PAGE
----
Criminal Defamation Law Struck Down in MN

     ST. PAUL, Minn. (CN) – Striking down Minnesota’s criminal defamation law Wednesday, a state appeals court called it unconstitutional to omit truth as an absolute defense.
     Timothy Robert Turner brought the challenge at issue after he pleaded guilty two counts of criminal defamation in connection to a post he made on the classifieds website Craigslist in 2013.
     In the post, which purported to solicit sex from men, Turner included the phone numbers of his ex-girlfriend and her 17-year-old daughter, and the women soon received messages containing explicit images and videos from interested parties.
     Turner, who admitted to creating the post in retaliation for an argument with his ex, entered his plea after the Isanti County District Court found the statute constitutional. His sentence was stayed pending the appeal.
     Because the case implicated the First Amendment, Minnesota bore the burden of proving it constitutional.
     The state Court of Appeal said Wednesday that in this regard it failed.
     “Although appellant’s conduct was reprehensible and defamatory, we cannot uphold his conviction under an unconstitutional statute,” Justice Denise Reilly wrote for a three-person panel.
     Undecided on whether to appeal, assistant county attorney Deanna Natoli defended the decision to charge Turner as she did instead of with disorderly conduct.
     “To charge it as something equivalent to yelling and causing a ruckus doesn’t do it justice, not only for the justice system itself but for the victims,” Natoli said in a phone interview.
     “Everything about what he did was not OK, and even at oral argument defense counsel conceded that this behavior is punishable because it’s not protected speech,” Natoli added.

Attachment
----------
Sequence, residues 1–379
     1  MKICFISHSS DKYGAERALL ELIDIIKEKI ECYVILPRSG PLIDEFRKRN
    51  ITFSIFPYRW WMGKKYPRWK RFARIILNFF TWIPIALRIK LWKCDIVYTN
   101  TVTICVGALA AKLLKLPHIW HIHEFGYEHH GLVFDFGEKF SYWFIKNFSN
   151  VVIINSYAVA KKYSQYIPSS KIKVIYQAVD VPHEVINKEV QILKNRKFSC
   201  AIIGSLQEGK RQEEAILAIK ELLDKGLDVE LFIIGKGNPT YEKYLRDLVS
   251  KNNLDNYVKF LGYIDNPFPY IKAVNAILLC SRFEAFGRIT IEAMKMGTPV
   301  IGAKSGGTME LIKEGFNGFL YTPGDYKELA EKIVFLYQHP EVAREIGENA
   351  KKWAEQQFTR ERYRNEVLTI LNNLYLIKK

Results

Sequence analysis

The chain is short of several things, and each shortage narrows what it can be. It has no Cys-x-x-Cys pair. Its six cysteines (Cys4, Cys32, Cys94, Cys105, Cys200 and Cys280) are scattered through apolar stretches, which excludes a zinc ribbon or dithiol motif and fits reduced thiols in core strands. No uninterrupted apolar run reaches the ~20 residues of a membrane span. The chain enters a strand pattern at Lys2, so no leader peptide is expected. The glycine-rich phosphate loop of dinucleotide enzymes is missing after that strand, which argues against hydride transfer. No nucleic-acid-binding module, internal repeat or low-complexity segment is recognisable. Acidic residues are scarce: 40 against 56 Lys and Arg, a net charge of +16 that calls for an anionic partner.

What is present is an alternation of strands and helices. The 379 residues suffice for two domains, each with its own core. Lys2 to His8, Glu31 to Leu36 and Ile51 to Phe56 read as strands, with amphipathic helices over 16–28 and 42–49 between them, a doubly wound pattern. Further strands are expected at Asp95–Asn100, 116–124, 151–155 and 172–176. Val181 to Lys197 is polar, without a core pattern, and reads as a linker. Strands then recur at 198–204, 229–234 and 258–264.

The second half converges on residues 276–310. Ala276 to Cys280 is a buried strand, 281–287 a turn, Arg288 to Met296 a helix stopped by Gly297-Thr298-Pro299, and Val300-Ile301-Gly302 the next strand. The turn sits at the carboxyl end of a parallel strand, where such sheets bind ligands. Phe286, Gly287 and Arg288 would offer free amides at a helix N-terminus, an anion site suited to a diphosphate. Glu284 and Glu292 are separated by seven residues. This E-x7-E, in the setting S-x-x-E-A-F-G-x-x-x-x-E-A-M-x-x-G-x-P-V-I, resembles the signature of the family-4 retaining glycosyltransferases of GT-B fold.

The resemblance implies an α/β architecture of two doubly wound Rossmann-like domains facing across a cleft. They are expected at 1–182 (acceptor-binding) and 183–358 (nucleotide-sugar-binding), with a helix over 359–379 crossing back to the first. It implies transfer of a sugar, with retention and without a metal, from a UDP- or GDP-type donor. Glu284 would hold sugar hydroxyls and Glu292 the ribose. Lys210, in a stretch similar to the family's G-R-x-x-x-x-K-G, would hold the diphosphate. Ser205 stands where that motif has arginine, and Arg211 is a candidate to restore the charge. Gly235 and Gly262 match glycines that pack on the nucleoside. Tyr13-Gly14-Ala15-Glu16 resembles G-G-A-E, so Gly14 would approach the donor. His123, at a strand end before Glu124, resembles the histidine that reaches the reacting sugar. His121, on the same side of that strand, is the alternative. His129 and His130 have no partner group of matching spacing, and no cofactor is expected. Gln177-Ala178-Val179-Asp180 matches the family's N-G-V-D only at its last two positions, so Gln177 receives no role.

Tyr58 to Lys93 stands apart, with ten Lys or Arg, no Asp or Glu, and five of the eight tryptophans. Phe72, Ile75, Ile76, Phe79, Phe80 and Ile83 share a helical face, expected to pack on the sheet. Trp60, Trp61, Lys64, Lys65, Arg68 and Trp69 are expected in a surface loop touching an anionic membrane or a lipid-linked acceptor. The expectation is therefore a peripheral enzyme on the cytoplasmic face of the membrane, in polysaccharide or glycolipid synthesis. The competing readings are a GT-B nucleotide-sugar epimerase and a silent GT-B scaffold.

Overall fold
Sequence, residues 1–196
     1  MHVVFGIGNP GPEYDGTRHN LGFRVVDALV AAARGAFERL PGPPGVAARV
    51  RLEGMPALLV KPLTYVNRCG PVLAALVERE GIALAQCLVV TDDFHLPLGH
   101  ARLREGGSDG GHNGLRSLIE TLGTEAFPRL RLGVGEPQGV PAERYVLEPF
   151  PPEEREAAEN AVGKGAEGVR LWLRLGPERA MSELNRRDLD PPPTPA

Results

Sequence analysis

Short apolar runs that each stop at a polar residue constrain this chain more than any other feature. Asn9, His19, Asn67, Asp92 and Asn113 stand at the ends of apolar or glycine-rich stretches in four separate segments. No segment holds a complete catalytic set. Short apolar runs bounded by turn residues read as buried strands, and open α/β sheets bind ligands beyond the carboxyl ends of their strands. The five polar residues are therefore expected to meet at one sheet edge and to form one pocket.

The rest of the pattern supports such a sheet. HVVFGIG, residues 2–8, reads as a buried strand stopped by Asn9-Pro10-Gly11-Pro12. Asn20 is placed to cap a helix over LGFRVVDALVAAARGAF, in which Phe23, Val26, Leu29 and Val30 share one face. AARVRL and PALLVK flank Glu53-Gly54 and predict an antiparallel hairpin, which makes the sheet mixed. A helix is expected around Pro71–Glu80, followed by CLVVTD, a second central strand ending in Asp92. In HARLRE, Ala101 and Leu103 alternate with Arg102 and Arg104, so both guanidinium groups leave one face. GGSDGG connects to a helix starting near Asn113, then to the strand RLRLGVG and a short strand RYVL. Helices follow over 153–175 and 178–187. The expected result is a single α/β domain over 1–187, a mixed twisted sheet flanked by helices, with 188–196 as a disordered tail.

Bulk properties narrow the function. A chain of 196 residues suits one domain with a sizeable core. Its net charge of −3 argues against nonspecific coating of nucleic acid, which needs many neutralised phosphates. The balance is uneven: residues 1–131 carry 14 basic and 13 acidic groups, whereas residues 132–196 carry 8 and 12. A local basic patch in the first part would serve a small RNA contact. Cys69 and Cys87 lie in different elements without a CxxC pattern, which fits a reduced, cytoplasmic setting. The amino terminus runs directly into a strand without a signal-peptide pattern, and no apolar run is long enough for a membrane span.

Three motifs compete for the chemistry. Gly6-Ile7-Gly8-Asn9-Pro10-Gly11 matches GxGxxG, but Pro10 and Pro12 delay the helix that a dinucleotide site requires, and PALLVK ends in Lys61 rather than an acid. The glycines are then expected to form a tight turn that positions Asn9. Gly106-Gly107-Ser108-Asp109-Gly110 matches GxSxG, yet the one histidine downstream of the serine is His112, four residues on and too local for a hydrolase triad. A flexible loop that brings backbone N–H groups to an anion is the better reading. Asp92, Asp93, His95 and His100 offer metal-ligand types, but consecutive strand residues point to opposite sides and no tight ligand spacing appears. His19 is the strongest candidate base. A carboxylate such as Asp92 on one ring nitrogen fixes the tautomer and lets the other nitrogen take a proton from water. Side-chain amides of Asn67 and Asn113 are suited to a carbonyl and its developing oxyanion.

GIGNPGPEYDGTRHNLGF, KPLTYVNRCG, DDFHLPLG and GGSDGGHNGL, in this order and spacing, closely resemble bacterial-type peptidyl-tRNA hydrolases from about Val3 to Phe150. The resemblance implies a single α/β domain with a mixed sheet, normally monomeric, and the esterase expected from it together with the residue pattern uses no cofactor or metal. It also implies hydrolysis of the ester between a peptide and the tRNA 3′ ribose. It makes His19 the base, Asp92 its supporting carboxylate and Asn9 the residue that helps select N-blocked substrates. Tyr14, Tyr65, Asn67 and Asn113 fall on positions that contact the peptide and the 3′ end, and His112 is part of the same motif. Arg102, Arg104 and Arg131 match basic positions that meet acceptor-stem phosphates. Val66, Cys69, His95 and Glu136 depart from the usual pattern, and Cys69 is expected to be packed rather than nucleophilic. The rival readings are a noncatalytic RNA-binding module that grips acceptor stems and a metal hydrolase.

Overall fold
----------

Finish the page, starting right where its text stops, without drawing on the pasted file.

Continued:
Eugene Volokh, a law professor at the University of California, Los Angeles, filed an amicus brief on behalf of the Electronic Frontier Foundation in support of Turner.
     The attorney said Wednesday’s decision follows a gradual nationwide trend.
     “Historically, it used to be that all states had such laws,” Volokh said in a phone interview. “Over the last several decades, there have been repeals probably in about half the states, and they are unused in almost the others, either entirely or almost unused.”
     Volokh identified a notable exception in nearby Wisconsin where he said about a “half-dozen” criminal libel cases are filed yearly.
     So long as the statutes are narrow and precise, Volokh said legislatures may find more luck with so-called revenge porn laws that would work to protect privacy by prohibiting the posting of private information and pictures without permission.
     “That’s what should be doing the work here,” he said in a phone interview. “Not criminal libel laws.”
     The county’s only hope for reversal is if the Minnesota Supreme Court construes the statute narrowly.
     For the future, Natoli said she has high hopes for a law moving through the state Legislature that would make impersonating someone online a felony.
     “That’s in response to this case, to be perfectly honest,” she said.
     Turner’s attorney, John Arechigo with St. Paul-based Arechigo Stokka, said the court made the right call and that a further appeal seemed unlikely.
     “It’s pretty clear to me that the statute is overbroad, and there’s nothing the court can do to save it,” Arechigo said in an interview.
     The appellate court slammed Minnesota’s law for making it possible to punish true statements, a direct conflict with legislative intent dating back to the 1890s.
     Reilly said the law’s “requirement that the truth be communicated with good motives and justifiable ends violates First Amendment protections because it penalizes protected speech – true statements – in addition to unprotected speech – false statements.”
     Further, the law requires no show of “actual malice” when subjects of defamation are public figures, or the defamation concerns a public matter.
     On both matters, criminal defamation requires a less stringent standard than the civil penalty for defamation, the court found.
     Though Minnesota called for a narrow interpretation of the statute, Reilly said that would require a rewrite in this case.
     “We are mindful of the canon of constitutional avoidance, which requires, if at all possible, the judiciary to interpret a statute to ‘preserve its constitutionality,'” the opinion states. “We are equally mindful that a limiting construction should be imposed only if an unconstitutional statute is ‘readily susceptible to such a construction.'”

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